By Cavan Scott, Andie Tong, Marcio Menyz, Russ Seal & Jimmy Betancourt
As Tekken 7 nears its release in June, Titan Comics releases a new comic based on the popular fighting game franchise. Now, in full disclosure, my knowledge of Tekken is extremely limited, so without proper context I won’t be able to speak in-depth to whether dialogue is in or out of character or if the plots fits in well with the overall mythology of the series. With that being said, this review will look at how well it holds up in this visual medium. The comic does a nice job of introducing readers to the main players of the story and how they fit into what will unfold in the forthcoming pages.
The book (and assuming the games as well) focuses around three generations of men in the Mishima clan and their power struggle. After causing massive havoc to try to defeat a demon to cleanse his bloodline of an infection known as the Devil Gene, the youngest, Jin Kazama, has disappeared. His father and grandfather now search for him, so they can eliminate him and retain control of the two largest rival conglomerates in the world. Several fighters from the King of Iron Fist Tournament have aligned themselves with either of the Mishima factions and that is where this comic starts off. A young fighter, Ling Xiaoyu, is ambushed by assassins sent by Jin’s father, Kazuya. She is saved by two other recognizable fighters, Paul Phoenix and Nina Williams. After the dust settles, revelations are made as Ling embarks on an unexpected journey and most certainly battles…
As one can tell, the mythos of Tekken is complex and intriguing, so the comic definitely has those strong elements in place going into this series. Cavan Scott does a fine job of making the comic accessible to an uninitiated audience, but it does become redundant. Whenever a new character is introduced, there is a narration box giving a little detail on them, but those same characters were already chronicled in the introductory pages of the comic. There was really no need for those boxes. Now, if the book is for a younger demographic this may play out better, but it’s a little condescending to older readers. Basically, it’s a misuse of page space and poor comic design.
In terms of the narrative in this issue, it’s fairly thin. Almost half of the issue is devoted fight and chase scenes, which is fine considering the source material, but the dialogue is full of generic quips during these pages that just makes the material bland and dull. The plot goes on hold during the battles and makes the book unbalanced. Also, the whole reason why Ling was sought after, causing the major conflict of the issue, is basically retconned by the end of the issue. The dialogue is basically reduced to one-liners and expository dialogue/conversations. Scott doesn’t let the words and moments breathe and rushes to the next story beat. There’s clearly plenty of family drama and conflict that can be explored, so hopefully this creative team will capitalize on the rich background in forthcoming issues.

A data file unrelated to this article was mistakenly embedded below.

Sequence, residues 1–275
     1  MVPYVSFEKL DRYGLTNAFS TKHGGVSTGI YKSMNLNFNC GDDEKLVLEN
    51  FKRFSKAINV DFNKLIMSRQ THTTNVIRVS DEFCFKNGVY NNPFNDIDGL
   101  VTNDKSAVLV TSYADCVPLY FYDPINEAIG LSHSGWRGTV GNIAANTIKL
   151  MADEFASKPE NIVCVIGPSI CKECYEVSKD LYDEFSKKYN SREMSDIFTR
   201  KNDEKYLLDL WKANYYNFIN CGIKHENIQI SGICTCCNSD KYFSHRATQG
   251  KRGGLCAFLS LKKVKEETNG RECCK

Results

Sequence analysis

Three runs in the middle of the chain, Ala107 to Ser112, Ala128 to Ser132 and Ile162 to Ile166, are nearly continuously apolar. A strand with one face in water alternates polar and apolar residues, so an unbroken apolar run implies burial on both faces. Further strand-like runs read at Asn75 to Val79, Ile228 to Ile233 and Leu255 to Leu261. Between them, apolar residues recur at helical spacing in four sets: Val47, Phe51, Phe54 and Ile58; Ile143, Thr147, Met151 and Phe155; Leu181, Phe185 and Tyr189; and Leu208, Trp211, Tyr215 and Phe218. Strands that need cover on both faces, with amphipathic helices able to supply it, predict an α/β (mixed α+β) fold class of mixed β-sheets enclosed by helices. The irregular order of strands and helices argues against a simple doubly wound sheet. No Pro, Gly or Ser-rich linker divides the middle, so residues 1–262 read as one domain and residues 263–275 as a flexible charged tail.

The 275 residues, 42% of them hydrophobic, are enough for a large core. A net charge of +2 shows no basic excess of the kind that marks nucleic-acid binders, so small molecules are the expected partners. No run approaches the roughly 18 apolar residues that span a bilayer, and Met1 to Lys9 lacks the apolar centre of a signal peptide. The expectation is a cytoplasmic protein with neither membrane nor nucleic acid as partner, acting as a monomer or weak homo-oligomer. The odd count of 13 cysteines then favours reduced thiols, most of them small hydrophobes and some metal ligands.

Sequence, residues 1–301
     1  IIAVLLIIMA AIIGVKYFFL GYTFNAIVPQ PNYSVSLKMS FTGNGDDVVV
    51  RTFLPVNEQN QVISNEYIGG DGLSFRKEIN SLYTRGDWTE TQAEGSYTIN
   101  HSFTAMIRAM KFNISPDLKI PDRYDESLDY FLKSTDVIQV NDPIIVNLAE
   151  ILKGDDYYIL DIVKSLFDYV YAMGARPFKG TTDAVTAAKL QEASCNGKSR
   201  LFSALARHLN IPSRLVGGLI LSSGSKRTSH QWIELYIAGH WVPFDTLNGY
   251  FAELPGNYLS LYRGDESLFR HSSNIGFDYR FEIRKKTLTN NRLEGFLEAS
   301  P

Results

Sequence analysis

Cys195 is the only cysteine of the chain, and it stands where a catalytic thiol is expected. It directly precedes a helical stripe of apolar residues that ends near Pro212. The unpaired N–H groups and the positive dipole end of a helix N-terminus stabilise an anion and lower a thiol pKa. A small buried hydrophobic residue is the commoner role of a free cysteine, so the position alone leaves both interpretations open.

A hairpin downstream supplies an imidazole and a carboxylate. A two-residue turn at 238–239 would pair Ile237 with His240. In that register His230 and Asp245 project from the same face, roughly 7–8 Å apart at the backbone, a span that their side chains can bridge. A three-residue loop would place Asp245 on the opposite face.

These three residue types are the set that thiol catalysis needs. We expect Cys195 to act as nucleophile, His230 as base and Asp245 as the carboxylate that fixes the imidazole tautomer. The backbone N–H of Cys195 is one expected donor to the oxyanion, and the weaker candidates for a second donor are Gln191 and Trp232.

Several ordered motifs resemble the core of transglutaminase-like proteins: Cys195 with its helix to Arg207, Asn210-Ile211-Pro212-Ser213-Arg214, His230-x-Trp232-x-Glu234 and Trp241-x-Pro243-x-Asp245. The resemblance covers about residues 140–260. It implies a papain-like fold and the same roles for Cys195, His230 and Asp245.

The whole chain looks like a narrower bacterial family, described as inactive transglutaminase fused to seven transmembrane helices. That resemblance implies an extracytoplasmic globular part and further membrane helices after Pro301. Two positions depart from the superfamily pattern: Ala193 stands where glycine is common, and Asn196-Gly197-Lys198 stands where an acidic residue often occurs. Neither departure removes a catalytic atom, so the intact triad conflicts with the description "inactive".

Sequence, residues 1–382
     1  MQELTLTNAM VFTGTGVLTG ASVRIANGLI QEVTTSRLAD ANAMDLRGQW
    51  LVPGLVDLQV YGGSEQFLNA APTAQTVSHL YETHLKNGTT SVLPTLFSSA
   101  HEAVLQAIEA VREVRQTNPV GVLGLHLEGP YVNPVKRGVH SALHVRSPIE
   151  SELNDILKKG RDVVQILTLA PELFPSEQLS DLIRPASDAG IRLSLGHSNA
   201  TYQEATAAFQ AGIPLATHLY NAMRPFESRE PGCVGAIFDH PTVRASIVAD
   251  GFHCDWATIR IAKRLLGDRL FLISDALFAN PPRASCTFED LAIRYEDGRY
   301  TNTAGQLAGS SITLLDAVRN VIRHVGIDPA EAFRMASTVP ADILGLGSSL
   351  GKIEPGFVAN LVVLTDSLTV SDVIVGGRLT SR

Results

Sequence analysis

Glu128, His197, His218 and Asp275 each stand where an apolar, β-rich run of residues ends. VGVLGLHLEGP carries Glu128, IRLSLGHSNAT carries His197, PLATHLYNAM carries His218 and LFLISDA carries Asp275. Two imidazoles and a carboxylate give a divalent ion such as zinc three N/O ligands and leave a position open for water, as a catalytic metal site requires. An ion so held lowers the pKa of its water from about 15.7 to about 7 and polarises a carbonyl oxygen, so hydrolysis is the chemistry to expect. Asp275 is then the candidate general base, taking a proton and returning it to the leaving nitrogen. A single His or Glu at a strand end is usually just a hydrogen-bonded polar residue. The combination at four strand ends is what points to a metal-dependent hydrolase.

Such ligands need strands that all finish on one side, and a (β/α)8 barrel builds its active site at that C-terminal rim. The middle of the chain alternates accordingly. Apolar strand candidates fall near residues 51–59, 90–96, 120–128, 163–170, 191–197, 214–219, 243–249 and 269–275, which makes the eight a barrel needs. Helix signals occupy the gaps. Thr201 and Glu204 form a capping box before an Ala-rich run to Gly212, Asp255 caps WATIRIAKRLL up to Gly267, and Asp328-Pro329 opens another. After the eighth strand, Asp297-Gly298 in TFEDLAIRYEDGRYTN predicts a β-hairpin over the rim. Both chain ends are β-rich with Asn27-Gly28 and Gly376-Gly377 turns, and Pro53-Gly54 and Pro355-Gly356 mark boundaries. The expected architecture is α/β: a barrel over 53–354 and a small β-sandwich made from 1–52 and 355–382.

The artwork and design are textbook, which is fine, but it becomes a tad stale by the last page. Jimmy Betancourt and Andie Tong have the action and other intense moments depicted in jagged or angled panels, while the rest are formatted in the standard square and rectangular forms. It’s what one would expect. They don’t challenge or stray from that structure, which would serve this material quite well. Character expressions are done well and capture naturalistic looks that can keep the audience connected to the comic. This also applies to the fight choreography; the postures are believable, yet still capture the momentum necessary for solid action sequences.
The lettering of Russ Seal and the color work of Marcio Menyz really come together to deliver the whole package in terms kinetic illustrations. The sound effects are placed nicely to not interrupt or cover up the behaviors or movement in the panels. The onomatopoeia conveys the intended sounds fittingly. Menyz uses strong colors to work with Tong’s heavy inking. He maintains the forms, but it lacks texture due, in part, to adhering to the thick lines. It feels flat consistently throughout. There is one panel where Kazuya punches a wall using a technique and Marcio Menyz really makes the moment stand out by making the appearance and color of the move drastically different from everything else around it.
Overall, this inaugural issue of Tekken is mediocre. Again, this comic may resonate more with young readers and/or fans of the franchise, but, as it stands, there just doesn’t seem to be a whole lot of substance for the regular comic fan.